Widgets Magazine

Green dorm blossoms as ‘LotusOne’

The parking lot behind La Casa Italiana may be replaced with LotusOne, the proposed three-story green dorm that planners hope will serve as both student residence and building systems laboratory to further explore sustainable living. (JING RAN/The Stanford Daily)

Stanford’s interdisciplinary studies so far have extended mostly to classes and research programs. But if David Geeter ’11 has his way, they will be part of a building – a green dorm, branded “LotusOne,” proposed for construction behind Bob, La Casa Italiana and Xanadu on the Row.

The long-awaited LotusOne, which according to its website seeks to be “the most desirable housing on campus” and a “living laboratory,” pack “measurable environmental performance” and achieve “economic sustainability,” has been under development off and on for the last seven years. And if Geeter and co-author Alexander Luisi ’12 sufficiently convince President John Hennessy to sign onto their proposal, LotusOne may be ready for students by the end of 2011.

The green dorm idea began in 2003 with a faculty committee from the department of civil and environmental engineering (CEE). The Green Dorm Faculty Committee, working with students and professionals, conceptualized the project and had it reviewed by Student Housing and Land, Buildings & Real Estate.

The pilot green dorm, which has been in development since 2003, now awaits approval from President John Hennessy. (Courtesy of EHDD Architecture)

Over the years, students who have wanted to get involved in the project have enrolled in the Sustainable Development Studio course (CEE 124), where students complete projects that support the green dorm’s development. Recent classes have used a class blog, where students posted research on building materials, energy use and water consumption, along with less technical aspects such as whether the building should be a dorm or a self-operated house.

The project made more concrete progress in 2005 when organizers commissioned a feasibility study from EHDD Architecture, a San Francisco-based firm. The study was completed in 2006.

That same year, the project received a $75,000 grant from the U.S. Environmental Protection Agency. According to Geeter and Luisi, shortly thereafter the University offered to cover half the project’s $10 million upfront cost.

With money flowing and optimism high, it was predicted the dorm would open its doors in 2009.

“When I was a freshman I was under the impression the building would be built by the time I graduated,” Geeter said.

But it was not to be.

The intervening financial crisis and subsequent budget cuts led the University to cancel funding for construction not already underway. That meant the LotusOne lacked the cash it needed to get off the ground. The green dorm idea “lost momentum,” Geeter said, and up until about a year and a half ago, the project was in limbo within the CEE department.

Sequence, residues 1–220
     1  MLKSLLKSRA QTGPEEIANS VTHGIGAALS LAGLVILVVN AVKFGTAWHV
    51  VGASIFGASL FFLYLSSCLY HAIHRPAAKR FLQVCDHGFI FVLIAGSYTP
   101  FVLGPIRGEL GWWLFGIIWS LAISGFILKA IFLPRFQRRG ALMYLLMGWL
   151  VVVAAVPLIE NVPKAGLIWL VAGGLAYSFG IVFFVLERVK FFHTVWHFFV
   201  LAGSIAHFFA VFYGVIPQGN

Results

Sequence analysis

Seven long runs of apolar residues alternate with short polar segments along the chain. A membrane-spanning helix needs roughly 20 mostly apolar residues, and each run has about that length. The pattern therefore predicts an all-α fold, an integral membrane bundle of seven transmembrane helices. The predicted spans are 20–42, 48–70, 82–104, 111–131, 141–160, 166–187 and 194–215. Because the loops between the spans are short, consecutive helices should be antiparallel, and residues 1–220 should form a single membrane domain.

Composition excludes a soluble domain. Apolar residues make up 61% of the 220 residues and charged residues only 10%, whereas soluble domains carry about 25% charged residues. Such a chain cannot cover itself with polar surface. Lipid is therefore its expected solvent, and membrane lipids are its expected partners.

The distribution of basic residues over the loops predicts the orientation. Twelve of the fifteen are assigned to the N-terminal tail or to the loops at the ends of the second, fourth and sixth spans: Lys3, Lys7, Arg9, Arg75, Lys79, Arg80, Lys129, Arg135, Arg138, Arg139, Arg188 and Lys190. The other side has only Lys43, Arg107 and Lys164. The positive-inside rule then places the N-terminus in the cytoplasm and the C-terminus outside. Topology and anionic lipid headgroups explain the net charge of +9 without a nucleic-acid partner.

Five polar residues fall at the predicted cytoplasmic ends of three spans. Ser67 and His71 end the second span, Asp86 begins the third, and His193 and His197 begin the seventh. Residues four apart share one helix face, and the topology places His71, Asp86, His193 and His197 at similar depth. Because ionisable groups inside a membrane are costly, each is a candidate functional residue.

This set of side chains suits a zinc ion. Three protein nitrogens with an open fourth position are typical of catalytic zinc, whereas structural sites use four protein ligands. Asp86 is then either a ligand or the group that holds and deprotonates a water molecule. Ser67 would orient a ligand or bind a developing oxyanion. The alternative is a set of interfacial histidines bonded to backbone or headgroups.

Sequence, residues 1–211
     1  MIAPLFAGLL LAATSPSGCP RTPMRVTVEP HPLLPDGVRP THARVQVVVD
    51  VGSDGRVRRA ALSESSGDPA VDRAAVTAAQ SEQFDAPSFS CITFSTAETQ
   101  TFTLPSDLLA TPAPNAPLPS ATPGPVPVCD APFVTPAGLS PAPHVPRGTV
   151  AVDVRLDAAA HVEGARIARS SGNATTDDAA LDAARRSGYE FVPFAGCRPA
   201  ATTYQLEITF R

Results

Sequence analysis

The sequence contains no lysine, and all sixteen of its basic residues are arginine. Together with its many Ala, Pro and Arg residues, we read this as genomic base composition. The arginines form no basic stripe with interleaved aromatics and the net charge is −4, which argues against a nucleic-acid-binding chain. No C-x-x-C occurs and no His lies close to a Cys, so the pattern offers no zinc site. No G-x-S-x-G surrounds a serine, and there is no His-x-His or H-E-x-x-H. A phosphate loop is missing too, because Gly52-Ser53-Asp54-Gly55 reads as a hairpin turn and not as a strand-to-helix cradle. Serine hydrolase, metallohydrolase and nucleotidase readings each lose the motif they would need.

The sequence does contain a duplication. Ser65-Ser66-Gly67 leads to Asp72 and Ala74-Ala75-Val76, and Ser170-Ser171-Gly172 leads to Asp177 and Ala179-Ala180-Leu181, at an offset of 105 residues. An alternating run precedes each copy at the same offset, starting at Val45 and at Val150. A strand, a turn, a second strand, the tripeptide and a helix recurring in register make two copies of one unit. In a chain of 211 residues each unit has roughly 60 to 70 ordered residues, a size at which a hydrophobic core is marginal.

Last year, to revive the project, Geeter and Luisi approached the faculty committee about expanding its scope to include students in the social sciences as well, potentially increasing students’ direct involvement in development and execution.

Geeter and Luisi solicited input from professors outside the School of Engineering and put together a focus group of student leaders “basically that represented the general interest of students on campus,” Geeter said – a move that Geeter and Luisi hoped would gather perspectives on what one should consider in building a dorm.

“I think the biggest pull from LotusOne is that students have more ownership over the operation of the campus,” Geeter said.

As a sustainable building, the green dorm is designed to generate a surplus of energy and reduce its water consumption to roughly half that of other dorms. But as a living lab, little about the building is completely fixed. Students would be encouraged to research modifications that make the dorm more efficient economically, socially and environmentally.

It’s all about “coming up with a new way of educating students and making sure students are as actively involved in the process as possible,” said Vincent Chen ‘12, who designed the LotusOne proposal. “Before it is built, and after it is built – if it’s built – there are multiple ways to get students involved.”

Recently, the ASSU has shown support for the project as well. ASSU President Angelina Cardona ’11 and Vice President Kelsei Wharton ‘12 supported the project during their campaign and were “involved in the brainstorming process to reframe and rename” LotusOne, according to Cardona.

The bulk of their involvement, she said, was building student support with a mass e-mail sent to the student body on June 23.

That support, to Geeter, has to embody a deep commitment. Typically, Geeter believes, “green” and “environmentally friendly” are associated with “kind of shallow objectives. That doesn’t attack the problem deep enough and it doesn’t bring up the interconnectivity of all these issues,” he said.

So what is attacking the problem deep enough? For Geeter and Luisi, of course, that would be an interdisciplinary lab like LotusOne.

“We’re going to make this happen and this is going to shape the future development of Stanford campus and make sure that we students have the ability to enact real change in the world,” Luisi said.

Cardona and Geeter said the proposal has been sent to the faculty committee and Hennessy for approval, and the students have not yet learned how their proposals will proceed.